SOURCE: RoboticOncology.com

RoboticOncology.com

December 09, 2009 12:49 ET

Robotics in Action: Dr. Samadi Demonstrates a Robotic Prostatectomy on Fox News

NEW YORK, NY--(Marketwire - December 9, 2009) - "R2D2 meets modern medicine," said Dr. Manny Alvarez when he gave viewers of his November 16th show a true "inside" look at robotic surgery at the hands of Dr. David Samadi. Samadi, a world renowned robotic surgery expert and Chief of the Division of Robotics and Minimally Invasive Surgery in the Department of Urology at The Mount Sinai Medical Center in New York, appeared on the "Ask Dr. Manny" show to demonstrate the effectiveness of robotic prostatectomy with the use of the da Vinci robot.

In his show segment, "Amazing Surgeries," Dr. Alvarez, also the managing editor of Health News at Foxnews.com, touted Dr. Samadi as "the king of robotic surgery." Samadi, who has performed over 2,100 successful robotic prostatectomies in his practice, began working with the da Vinci robot in 2001. He performs multiple surgeries in a single day with his highly skilled and professional surgical team at Mount Sinai.

Dr. Samadi views robotics as an exciting "new era of surgery," where precision is the key. In the surgery, the abdomen is distended in order to give the surgeon more space to work with. The robotic arms are attached to laparoscopic trocars, which are then inserted into the patient's abdomen. The surgeon sits at a nearby console and communicates with the robotic arms controlling the instruments inside the patient. The surgeon's hand movements are translated to the robotic arms, which filter out any manual tremors in the instruments.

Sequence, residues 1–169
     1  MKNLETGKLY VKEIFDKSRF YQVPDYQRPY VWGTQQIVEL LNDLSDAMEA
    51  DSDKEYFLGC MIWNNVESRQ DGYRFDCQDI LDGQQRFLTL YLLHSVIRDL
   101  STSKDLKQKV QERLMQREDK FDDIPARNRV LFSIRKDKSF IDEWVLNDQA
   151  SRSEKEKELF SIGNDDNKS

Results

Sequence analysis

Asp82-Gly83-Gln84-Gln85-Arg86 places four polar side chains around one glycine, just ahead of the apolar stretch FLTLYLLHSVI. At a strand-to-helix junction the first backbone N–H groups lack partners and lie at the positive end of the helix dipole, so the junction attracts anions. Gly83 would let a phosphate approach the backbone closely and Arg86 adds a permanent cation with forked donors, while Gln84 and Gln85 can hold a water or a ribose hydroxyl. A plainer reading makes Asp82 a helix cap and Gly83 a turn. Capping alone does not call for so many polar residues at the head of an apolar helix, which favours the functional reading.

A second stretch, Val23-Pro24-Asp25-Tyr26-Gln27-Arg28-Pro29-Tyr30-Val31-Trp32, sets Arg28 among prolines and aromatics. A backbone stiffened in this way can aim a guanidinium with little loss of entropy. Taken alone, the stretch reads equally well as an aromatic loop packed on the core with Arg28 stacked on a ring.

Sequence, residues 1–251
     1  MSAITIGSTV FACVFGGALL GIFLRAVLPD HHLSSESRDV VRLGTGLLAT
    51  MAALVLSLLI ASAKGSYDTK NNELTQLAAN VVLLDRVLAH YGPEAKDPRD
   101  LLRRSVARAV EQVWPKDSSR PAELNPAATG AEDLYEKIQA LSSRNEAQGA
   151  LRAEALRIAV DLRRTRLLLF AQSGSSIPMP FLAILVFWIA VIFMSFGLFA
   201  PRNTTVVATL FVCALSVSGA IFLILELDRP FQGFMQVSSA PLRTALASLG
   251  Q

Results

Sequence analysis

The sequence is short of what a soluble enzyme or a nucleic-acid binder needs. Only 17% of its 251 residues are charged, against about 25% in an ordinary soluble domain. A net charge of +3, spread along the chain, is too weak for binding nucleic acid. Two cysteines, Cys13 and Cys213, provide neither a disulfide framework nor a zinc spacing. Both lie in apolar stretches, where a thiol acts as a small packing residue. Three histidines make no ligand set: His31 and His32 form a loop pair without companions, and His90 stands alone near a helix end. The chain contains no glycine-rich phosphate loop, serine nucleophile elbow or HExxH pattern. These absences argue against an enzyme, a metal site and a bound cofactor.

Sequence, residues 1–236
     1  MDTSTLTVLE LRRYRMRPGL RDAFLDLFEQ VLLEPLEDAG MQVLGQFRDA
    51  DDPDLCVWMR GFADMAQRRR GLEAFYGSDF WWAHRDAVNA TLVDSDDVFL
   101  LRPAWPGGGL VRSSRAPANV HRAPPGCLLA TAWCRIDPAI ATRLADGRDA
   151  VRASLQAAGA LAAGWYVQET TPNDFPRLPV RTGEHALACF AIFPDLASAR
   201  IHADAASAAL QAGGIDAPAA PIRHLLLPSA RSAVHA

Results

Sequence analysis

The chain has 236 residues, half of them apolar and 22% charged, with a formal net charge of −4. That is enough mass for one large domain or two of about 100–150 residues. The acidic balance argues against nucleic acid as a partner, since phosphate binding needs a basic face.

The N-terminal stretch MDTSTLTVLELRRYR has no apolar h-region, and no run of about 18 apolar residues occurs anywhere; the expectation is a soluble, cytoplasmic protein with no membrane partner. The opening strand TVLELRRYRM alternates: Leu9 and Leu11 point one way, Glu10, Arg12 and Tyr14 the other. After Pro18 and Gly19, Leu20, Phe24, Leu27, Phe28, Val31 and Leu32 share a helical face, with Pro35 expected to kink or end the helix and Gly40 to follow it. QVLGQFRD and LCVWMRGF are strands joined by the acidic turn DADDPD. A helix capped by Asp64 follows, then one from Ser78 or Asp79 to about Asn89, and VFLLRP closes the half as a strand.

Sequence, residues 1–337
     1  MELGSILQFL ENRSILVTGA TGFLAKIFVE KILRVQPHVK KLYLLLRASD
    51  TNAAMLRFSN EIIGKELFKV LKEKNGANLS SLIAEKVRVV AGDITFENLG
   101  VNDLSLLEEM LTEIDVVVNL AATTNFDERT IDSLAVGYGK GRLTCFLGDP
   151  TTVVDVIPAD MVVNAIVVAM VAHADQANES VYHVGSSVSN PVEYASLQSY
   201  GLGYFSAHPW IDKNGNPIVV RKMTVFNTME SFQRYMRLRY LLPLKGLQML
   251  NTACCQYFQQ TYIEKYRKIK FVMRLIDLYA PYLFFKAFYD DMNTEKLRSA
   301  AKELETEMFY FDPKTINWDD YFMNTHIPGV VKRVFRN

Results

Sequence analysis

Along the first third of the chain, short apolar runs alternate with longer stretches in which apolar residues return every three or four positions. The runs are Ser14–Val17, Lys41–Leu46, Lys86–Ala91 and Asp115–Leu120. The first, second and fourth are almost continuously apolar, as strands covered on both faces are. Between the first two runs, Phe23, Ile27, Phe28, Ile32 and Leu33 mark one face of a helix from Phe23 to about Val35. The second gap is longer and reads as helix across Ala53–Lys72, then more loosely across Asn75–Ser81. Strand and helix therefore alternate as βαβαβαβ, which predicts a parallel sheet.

The result of a robotic prostatectomy is an accurate and bloodless removal of the prostate gland and surrounding lymph nodes (if the situation is warranted). Surgeries typically take about 90 minutes and the patient's time in recovery is usually about two hours. Patients are usually discharged the next morning and can resume normal activities within 10 days. Blood loss is only about 50cc, compared to blood loss with open surgery, which is about 500 to 1000cc.

Ideal candidates for robotic surgery are those with early stage, organ-confined cancer. The primary goal, of course, is cure. However, Dr. Samadi is also concerned with preserving urinary control and sexual function. "I see relatively young men coming into my office with prostate cancer and there is just no way I'm going to allow them to sacrifice their quality of life," says Samadi. "Of course this applies to all of my patients, which is why I counsel our viewers to pick the right surgeon."

Now with robotics moving into bladder cancer and hysterectomy treatments, Dr. Samadi believes that 90 percent of treatment falls upon the experience of the surgeon. Samadi, a multi-disciplined surgeon who is also trained in laparoscopic and traditional open surgery, believes this training is the key to his own success. "Find out how many cases they have performed, ask around and get second opinions," counseled Samadi. "You take so much time to research the purchase of your home or your car, and this is infinitely more important."

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